Since I could clearly see a car approaching in the distance, I decided to walk up close enough to it that it would fly away since I was pretty sure that no one driving up the road would ever see it there.


An unexpected visitor
brightens the day
before flying on his way.

I’ve Fallen Behind and I Can’t Catch Up

Although I have several more shots from Bear River that I originally wanted to post, it is time to move on. So, I am going to post a few shots of Black-Necked Stilts, and then post a few more shots from the Malheur portion of our visit tomorrow.

I really prefer live-blogging, at least within a day or two of actual events, and not posting about month-old events. It’s easier for me to edit photos if I can clearly remember what they looked like to me when I took them rather than trying to recreate a “perfect” shot. I’m also more enthusiastic about my subject when it is fresher in my memory, and I definitely don’t want blogging to become a “job” and not a “passion.”

So, without further ado, here are some of my favorite Black-Necked Stilt shots from Bear River. Like the American Avocet, the Black-Necked Stilt is classified as a “wader” and “shorebird”, not as a heron as I originally thought.



k-necked Stilts are in constant motion, hunting prey rather than stalking it like herons do. I would have to describe them as “flighty,” unlike Avocets.


All you need to do is point your camera at a stilt and instantly you have a shot of them in flight,


and once in the air their profile is quite distinctive.

For instance, you would never confuse it with a Snowy Egret in flight.


White-Faced Ibis in Flight

We just returned from a week-long trip to Santa Rosa with family where I found it next-to-impossible to find time to work on my blog. So, here I am again, living in the past, managing only to get outside for a 45-minute walk along the beach. Ironic that a blog devoted largely to the outdoors requires so much time spent inside sorting photos and getting them ready for viewing. It’s especially hard to keep up in the summer when it’s tempting to spend every moment outdoors. That said, there’s not much purpose in taking all these shots if I’m not going to share the best of them with others. So, here we are finishing up showing the shots I took at Bear River in the middle of June.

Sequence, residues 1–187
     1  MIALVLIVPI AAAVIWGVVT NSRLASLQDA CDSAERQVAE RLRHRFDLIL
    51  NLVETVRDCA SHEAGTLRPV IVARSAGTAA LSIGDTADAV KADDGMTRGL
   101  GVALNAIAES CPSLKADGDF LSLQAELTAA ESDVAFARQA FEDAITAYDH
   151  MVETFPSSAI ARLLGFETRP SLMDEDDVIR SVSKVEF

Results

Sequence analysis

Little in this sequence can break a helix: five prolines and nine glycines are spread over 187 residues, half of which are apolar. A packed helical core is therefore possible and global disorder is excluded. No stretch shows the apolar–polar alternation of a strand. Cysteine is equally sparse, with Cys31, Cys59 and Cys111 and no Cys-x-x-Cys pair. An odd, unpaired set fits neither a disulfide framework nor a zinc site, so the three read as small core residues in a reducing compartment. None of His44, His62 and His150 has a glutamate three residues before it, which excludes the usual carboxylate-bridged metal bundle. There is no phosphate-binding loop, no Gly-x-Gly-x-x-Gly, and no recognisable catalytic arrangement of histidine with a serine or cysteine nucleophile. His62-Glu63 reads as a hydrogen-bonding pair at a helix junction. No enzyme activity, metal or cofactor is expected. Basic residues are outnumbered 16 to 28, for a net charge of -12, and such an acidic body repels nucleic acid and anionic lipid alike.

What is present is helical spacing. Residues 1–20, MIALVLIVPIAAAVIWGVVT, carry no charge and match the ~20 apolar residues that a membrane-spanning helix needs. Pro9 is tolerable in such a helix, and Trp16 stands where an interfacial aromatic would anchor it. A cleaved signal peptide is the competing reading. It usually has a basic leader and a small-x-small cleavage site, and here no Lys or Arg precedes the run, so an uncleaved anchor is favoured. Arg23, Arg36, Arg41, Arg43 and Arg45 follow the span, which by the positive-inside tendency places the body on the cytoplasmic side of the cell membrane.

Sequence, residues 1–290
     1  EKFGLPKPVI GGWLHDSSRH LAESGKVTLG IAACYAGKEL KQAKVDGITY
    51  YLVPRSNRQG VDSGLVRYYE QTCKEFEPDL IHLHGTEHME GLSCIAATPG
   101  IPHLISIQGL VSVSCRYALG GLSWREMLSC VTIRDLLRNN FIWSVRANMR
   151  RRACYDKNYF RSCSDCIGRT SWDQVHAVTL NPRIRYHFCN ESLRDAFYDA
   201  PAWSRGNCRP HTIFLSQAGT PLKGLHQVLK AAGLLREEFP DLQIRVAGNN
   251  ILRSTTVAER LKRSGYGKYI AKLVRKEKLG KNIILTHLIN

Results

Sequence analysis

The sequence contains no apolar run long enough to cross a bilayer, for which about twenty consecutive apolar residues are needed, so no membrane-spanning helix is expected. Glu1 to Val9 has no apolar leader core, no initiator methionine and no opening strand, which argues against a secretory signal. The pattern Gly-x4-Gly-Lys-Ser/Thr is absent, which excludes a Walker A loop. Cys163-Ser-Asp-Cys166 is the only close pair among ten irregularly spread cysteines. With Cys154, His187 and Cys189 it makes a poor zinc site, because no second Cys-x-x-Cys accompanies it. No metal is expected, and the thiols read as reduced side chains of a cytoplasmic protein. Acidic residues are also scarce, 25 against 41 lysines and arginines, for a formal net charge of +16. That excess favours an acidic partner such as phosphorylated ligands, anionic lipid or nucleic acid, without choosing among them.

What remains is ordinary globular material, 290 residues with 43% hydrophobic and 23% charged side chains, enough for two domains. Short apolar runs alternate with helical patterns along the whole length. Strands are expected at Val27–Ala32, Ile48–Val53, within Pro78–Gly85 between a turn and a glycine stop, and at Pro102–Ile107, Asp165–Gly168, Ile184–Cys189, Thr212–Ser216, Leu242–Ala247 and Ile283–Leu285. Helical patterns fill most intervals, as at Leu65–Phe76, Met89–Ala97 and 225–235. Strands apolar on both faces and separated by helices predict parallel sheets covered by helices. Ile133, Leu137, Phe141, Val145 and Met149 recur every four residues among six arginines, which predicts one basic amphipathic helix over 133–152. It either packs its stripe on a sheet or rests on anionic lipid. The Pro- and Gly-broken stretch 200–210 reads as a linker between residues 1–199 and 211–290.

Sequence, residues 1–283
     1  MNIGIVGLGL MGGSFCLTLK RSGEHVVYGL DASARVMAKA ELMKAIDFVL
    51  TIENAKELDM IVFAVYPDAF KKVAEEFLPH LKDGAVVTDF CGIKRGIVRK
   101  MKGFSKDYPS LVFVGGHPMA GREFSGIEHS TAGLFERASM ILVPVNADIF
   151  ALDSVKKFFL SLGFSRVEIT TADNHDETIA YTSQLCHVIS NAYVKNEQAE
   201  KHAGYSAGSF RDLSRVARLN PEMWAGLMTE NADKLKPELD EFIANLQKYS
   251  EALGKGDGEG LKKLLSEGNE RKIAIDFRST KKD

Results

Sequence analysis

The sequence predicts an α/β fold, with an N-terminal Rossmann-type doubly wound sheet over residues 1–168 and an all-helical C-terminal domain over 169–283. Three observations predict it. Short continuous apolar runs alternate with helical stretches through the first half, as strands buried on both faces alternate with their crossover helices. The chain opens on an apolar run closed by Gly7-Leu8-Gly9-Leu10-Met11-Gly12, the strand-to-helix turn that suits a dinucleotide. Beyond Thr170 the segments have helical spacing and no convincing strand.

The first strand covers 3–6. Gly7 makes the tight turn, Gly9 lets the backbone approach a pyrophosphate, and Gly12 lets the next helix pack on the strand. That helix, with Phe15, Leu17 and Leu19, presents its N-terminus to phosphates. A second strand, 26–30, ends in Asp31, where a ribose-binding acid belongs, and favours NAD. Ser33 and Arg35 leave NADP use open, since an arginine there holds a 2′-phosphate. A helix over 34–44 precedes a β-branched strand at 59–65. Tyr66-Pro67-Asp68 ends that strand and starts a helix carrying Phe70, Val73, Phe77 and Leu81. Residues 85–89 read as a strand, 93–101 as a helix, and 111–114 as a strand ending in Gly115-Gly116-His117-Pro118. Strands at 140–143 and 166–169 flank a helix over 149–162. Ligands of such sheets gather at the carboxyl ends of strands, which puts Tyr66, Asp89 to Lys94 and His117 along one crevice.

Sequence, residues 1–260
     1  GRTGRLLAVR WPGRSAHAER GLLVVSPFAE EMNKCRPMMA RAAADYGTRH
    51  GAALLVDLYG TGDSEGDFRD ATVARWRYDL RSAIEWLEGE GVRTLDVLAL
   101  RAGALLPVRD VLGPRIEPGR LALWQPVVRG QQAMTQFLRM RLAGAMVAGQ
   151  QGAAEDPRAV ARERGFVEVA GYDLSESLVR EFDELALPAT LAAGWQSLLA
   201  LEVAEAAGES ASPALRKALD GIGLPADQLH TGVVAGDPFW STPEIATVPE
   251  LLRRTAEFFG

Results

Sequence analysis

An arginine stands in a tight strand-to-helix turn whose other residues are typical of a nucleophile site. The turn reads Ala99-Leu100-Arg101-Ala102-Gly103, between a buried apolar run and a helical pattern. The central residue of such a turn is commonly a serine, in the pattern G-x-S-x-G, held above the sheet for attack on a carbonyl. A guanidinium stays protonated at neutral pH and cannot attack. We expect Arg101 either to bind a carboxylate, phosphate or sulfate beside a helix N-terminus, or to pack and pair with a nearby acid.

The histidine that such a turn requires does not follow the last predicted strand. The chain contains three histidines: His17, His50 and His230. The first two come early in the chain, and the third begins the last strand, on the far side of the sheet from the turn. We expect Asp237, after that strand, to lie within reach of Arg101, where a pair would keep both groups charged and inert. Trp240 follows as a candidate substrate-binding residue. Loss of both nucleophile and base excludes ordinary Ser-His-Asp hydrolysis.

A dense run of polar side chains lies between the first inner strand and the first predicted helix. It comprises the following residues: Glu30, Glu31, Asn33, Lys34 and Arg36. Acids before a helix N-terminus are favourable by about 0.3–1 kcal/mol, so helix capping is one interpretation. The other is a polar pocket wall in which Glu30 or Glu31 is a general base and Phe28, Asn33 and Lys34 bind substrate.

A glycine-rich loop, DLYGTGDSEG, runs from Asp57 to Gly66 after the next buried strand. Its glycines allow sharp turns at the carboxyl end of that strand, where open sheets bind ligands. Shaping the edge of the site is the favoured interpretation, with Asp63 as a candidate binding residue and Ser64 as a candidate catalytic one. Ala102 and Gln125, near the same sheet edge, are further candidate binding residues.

One of the birds I particularly enjoy seeing there, probably because I never see it in the Puget Sound area, is the White-faced Ibis, a bird whose silhouette is unmistakable. Though this shot was actually taken at Malheur on our way home, most of the Ibis we saw at Bear River were flying by, not wading in the wetlands.


Still, a shot of a White-faced Ibis caught in just the right light is so dramatic


it’s hard not to focus on getting those kinds of shots.

I could probably make an argument that White-faced Ibis are built for wading, not flying, but I still try my hardest to capture birds in flight even if it’s an awkward pose, like this one.


Of course, shots of herons landing are the easiest flight shots to get, but that ungainly landing is typical of herons, setting them apart from other species.


Although it’s quite a lot smaller than a Great Blue Heron, its landing seems remarkably similar.


Occasionally you are even lucky enough to capture an ibis in flight and while also capturing it’s many varied hues.


When we saw a small flock of Ibis gathering sticks like this, we figured they must have been too busy building nests to stand around in the wetlands.


It wasn’t until we were visiting The Sacramento Wildlife Refuge last week that we learned that White-faced Ibis, like several other herons, build a rookery and the rookery would probably be in a protected area — which also explains why we saw stilt and avocet chicks but no ibis chicks.